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Tips for Parents: Avoiding Relapse After Heroin Addiction

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Relationships can be tricky after rehab. Give your loved one space and time to figure things out.

Your loved one is home from rehab. You couldn’t be happier, and yet…

There is no point at which all of our problems magically disappear—for any of us. We all have issues to deal with. Right now, for you, the main issues may revolve around communication and trust with your adult child. You may be afraid of saying the wrong thing. Or uncertain what to discuss and what to let go.

Either way, communication is the key.

Relationships After Rehab for Heroin Addiction

None of this is easy, but think back to how hard things used to be. Now, take a deep breath and try to remember the following advice.

  • Take things one day at a time. This is, of course, a famous recovery mantra. But it’s critically important for parents as well, especially in the first three months. Don’t ask when your child plans to go back to college. Don’t ask when they plan to get their own place. And certainly don’t ask what they are going to do with their lives. Give your adult child room to figure all of this out—one day at a time
  • Consider family therapy. By this point in the journey, it’s very likely that a lot of damage has been done to family relationships. Of course you’re happy that your son or daughter has received help, but you’re close to sainthood if you don’t feel any lingering resentment over things your child said or did to you while under the control of addiction. Likewise, your child may still have his or her own wounds. They just went through an experience—addiction and rehab—that non-addicts will never be fully able to understand. You may never know some of the ways in which they have suffered. Family therapy can help in rebuilding trust after addiction and reconnecting families.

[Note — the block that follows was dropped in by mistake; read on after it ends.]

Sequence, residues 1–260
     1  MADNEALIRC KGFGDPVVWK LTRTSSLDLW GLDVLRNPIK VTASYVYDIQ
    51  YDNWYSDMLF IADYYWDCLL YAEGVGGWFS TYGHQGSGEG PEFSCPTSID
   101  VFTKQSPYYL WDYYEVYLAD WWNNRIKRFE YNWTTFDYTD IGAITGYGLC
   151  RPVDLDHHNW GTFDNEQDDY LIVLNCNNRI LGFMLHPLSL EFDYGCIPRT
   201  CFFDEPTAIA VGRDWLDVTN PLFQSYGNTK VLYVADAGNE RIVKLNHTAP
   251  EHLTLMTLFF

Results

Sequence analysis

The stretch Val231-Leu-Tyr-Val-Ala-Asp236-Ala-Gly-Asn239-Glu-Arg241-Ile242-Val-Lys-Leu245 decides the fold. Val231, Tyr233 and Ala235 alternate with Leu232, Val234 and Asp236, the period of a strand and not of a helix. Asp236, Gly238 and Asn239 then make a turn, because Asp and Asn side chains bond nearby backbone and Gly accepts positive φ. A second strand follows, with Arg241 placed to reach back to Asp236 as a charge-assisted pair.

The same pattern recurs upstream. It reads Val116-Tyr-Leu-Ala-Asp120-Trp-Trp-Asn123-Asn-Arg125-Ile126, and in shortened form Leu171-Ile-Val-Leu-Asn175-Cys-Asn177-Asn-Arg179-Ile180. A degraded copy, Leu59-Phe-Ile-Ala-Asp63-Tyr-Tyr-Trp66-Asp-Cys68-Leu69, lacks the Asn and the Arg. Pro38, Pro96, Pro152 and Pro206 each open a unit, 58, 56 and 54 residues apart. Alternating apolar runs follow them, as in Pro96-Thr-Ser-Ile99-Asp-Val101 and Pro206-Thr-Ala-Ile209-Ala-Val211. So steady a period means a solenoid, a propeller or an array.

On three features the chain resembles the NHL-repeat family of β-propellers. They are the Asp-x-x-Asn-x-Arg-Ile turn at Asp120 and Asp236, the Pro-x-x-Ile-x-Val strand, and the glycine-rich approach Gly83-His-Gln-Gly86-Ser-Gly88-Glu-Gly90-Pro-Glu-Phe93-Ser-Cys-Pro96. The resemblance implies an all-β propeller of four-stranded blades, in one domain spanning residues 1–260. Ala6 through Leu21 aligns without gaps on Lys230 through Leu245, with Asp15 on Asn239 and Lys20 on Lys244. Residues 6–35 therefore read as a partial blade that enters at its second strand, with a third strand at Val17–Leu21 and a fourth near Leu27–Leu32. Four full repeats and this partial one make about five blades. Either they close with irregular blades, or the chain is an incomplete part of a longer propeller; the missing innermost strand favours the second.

• Don’t hover. Your child is an addict, not an infant. It’s natural that you would feel that you can help prevent a relapse by managing your adult child’s problems. But it’s not true. This is up to them. By constantly swooping in to save your child, you prevent him or her from overcoming obstacles, thus taking away one of life’s greatest sources of strength.
  • Don’t bring up the past. Your son or daughter has shown great courage. Now is the time to show them grace. Forget the past. If it helps you, join a support group for parents of addicts where you can compare notes and share stories. Almost all addicts do things that their old selves would never, ever be capable of doing.
  • Don’t have a thin skin. Your child is experiencing a crazy mix of emotions. While you shouldn’t let him or her treat you badly or take advantage of you, don’t be upset if they hurt your feelings in minor ways. Relationships after rehab can be tricky, especially at first.
  • DO show love, express affection, communicate honestly and offer to take part in hobbies your child enjoys together.
  • DO take care of yourself. Your emotions have taken a back seat for a long time. Maybe it’s time to work on your inner life, whether that means a support group, a spiritual counselor or even just a weekly coffee date with a friend. Be good to yourself.

About The Raleigh House

The Raleigh House is a residential treatment center located in Denver that seeks to treat the whole person, not just the addiction, through a comprehensive approach to recovery. Fill out our form or contact us today to learn more about our heroin addiction treatment program.

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